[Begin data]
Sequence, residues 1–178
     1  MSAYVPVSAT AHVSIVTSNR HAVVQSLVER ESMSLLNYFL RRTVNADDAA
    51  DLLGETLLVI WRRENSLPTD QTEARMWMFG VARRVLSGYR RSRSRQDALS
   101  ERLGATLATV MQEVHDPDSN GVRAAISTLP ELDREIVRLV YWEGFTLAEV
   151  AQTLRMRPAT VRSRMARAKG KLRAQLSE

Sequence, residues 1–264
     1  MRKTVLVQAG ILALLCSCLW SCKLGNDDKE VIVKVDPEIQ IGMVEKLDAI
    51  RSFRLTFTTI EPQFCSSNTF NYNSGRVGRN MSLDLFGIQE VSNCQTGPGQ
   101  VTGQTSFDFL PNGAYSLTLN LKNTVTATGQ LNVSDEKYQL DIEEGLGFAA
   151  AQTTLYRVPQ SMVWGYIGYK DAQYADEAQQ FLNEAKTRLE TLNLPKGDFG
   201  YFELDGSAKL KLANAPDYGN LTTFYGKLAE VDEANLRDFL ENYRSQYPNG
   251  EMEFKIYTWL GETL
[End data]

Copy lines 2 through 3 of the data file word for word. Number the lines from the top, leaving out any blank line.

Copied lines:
     1  MSAYVPVSAT AHVSIVTSNR HAVVQSLVER ESMSLLNYFL RRTVNADDAA
    51  DLLGETLLVI WRRENSLPTD QTEARMWMFG VARRVLSGYR RSRSRQDALS